The Director of Public Health for the North East has said the region has been hit by unprecedented levels of the virus and the “war is not over yet” in stopping the spread of the infection.
The border counties of Monaghan, Louth and Cavan have over the past few months consistently recorded high rates of the virus.
Monaghan has the highest 14-day incidence rate in the country followed by Louth, Limerick, Waterford and Wexford.
Dr Augustine Pereira said this week there had been over 5,000 cases in the north east region which is “three times what we saw in the second wave”.
He said there is a lot of infection amongst younger people and in some cases they are being admitted to hospital.
“These new variants are very good at learning about us and finding new ways of infecting us,” he said.
Dr Pereira believes a number of factors led to the rise in cases including an increase in socialising over Christmas, family gatherings, parties and weddings.
However he also points out that even before Christmas, case numbers were very high.
“We started at a high base line. It almost felt like the second wave merged into the third wave,” he said.
Dr Pereira also believes that complacency set in with news of the vaccine.
“I wonder if that led to people letting their guard down and thinking we’re ok now, we have the vaccine” he said.
Dr Pereira said people need to quadruple their efforts now and stay at home.
“I asked my team today what they believe are they key messages and they said “stay at home, stay at home, stay at home.
“If you have symptoms, don’t go anywhere.”
“Even if they’re mild, stay at home” he added.
Dr Pereira is also urging people to wear their mask properly and not to take it off to have a conversation. Hand hygiene is also so important he said.
While he acknowledged that the hospitals are “under extreme pressure”, Dr Pereira moved to reassure people who may be in need of urgent care.
“Hospitals are there not just for Covid and teams are available to look after you,” he said.
“The war is not over yet. In this instance the enemy has learned about us and has become twice as strong as us. So if our enemy has become twice as strong we have to redouble our efforts too” he said.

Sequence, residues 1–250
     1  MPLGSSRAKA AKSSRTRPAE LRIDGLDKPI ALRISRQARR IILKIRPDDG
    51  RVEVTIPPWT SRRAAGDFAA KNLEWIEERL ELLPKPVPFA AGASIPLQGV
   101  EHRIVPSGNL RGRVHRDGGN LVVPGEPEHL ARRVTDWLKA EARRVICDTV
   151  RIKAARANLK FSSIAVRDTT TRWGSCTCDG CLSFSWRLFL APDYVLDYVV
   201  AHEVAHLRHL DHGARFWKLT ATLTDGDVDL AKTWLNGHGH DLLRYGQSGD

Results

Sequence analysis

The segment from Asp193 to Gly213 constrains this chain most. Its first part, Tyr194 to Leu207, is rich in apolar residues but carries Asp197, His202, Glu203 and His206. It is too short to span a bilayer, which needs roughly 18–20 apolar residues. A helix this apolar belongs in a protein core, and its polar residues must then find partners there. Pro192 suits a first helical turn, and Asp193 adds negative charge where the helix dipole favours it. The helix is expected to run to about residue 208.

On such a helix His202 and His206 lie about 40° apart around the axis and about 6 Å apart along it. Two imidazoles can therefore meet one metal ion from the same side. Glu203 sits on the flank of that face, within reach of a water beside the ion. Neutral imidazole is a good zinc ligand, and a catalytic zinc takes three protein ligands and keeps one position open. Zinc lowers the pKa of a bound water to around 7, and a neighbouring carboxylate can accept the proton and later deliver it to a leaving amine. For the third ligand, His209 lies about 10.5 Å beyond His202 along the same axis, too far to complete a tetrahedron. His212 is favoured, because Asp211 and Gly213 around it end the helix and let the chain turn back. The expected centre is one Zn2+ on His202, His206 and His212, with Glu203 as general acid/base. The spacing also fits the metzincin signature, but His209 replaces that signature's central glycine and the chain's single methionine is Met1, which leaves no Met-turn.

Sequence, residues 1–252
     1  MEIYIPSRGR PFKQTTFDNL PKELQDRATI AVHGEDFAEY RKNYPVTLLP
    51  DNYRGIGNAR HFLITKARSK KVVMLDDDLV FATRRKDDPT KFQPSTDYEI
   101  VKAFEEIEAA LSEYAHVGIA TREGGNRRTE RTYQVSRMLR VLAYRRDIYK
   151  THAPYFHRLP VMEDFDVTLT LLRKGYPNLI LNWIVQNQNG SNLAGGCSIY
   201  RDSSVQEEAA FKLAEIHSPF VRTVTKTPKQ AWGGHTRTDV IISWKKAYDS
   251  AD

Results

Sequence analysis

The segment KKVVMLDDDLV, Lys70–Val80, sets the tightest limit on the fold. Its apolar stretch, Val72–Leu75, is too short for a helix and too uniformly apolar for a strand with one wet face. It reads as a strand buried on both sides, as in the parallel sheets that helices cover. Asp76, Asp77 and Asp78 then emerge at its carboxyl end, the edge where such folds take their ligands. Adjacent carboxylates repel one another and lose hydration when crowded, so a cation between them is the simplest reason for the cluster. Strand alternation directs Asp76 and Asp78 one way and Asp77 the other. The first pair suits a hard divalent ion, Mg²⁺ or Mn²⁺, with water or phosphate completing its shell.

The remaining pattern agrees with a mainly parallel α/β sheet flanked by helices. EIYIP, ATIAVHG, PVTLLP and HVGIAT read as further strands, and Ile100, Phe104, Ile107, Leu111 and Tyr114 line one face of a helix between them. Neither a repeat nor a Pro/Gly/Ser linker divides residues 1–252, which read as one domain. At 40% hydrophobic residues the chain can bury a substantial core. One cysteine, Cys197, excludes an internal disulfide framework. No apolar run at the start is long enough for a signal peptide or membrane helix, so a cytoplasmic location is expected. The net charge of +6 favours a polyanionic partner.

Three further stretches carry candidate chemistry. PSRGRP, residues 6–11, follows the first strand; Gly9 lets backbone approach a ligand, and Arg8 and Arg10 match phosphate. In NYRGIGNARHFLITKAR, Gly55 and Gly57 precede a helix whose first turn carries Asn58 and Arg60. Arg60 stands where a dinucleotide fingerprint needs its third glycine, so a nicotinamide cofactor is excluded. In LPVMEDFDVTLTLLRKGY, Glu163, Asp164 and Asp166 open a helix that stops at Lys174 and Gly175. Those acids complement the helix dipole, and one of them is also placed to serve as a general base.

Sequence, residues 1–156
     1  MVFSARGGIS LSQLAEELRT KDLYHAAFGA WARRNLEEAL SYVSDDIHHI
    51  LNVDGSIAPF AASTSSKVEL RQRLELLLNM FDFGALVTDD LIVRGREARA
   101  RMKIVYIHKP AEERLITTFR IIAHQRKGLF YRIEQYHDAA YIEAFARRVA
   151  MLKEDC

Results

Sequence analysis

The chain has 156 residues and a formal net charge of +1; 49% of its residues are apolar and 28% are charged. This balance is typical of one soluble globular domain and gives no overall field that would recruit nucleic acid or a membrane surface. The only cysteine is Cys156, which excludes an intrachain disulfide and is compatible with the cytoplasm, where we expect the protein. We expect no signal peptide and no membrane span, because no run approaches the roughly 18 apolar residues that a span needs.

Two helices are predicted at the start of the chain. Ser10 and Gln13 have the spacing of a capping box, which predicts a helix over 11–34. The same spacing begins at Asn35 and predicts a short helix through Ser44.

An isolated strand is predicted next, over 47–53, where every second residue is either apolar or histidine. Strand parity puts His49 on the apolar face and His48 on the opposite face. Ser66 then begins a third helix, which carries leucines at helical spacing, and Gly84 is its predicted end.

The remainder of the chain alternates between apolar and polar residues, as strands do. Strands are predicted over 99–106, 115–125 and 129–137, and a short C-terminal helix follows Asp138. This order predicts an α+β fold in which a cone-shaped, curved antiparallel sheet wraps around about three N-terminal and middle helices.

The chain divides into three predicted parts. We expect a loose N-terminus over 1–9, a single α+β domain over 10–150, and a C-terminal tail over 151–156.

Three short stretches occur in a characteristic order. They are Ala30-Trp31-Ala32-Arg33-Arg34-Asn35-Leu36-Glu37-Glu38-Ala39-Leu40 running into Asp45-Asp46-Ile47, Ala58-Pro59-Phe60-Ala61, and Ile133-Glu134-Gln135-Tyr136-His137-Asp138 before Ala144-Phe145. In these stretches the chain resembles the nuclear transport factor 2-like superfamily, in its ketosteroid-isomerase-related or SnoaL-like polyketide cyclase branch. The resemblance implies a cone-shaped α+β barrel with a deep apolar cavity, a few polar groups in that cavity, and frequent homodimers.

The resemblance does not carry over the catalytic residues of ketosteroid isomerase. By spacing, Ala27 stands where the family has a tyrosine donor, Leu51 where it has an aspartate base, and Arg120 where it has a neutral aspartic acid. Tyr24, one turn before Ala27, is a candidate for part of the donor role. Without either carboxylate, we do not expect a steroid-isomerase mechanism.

Professor of Immunology at Trinity College Dublin Luke O’Neill has said there is evidence emerging that the Pfizer-BioNTech vaccine may help prevent transmission of Covid-19 as well as offering protection against severe illness.
He said this evidence is emerging from Israel, where over 800,000 people have been inoculated.
Prof O’Neill told RTÉ’s Brendan O’Connor programme that Ireland was now number one in Europe for daily vaccination across a seven-day rolling average.
He welcomed the “frenzy” of interest among frontline works to get the vaccine.
“Let’s hope that level of uptake is there from the general public as well,” he said.
He was optimistic about the supply of vaccines going forward.
“The EU has ordered 1.1 billion vaccine doses and has another 400 million on order from Johnson and Johnson – that vaccine could be approved by early to mid February and it only requires one shot.”
Asked if we may have some return to normal life by the summer, Prof O’Neill said we should be in a better place by June.
But he added that “nobody is safe until everybody is safe” and that the widespread vaccine roll-out would result in plummeting death and illness rates.
As of 8am this morning, there are now 1,848 patients with Covid-19 in hospital, with over 115 new admissions in the past day.
135 patients were discharged during that same time – 8am yesterday to 8am today.
191 patients are being treated in intensive care.
Ireland’s Covid-19 Ireland data hub also shows that 77,303 people have so far been vaccinated against the disease.
168,831 tests have been carried out in the past seven days with a positivity rate of 15.4%. This means around one in six people is testing positive for coronavirus.
Yesterday, the Department of Health reported a further 50 Covid-related deaths and 3,498 new confirmed cases of the virus.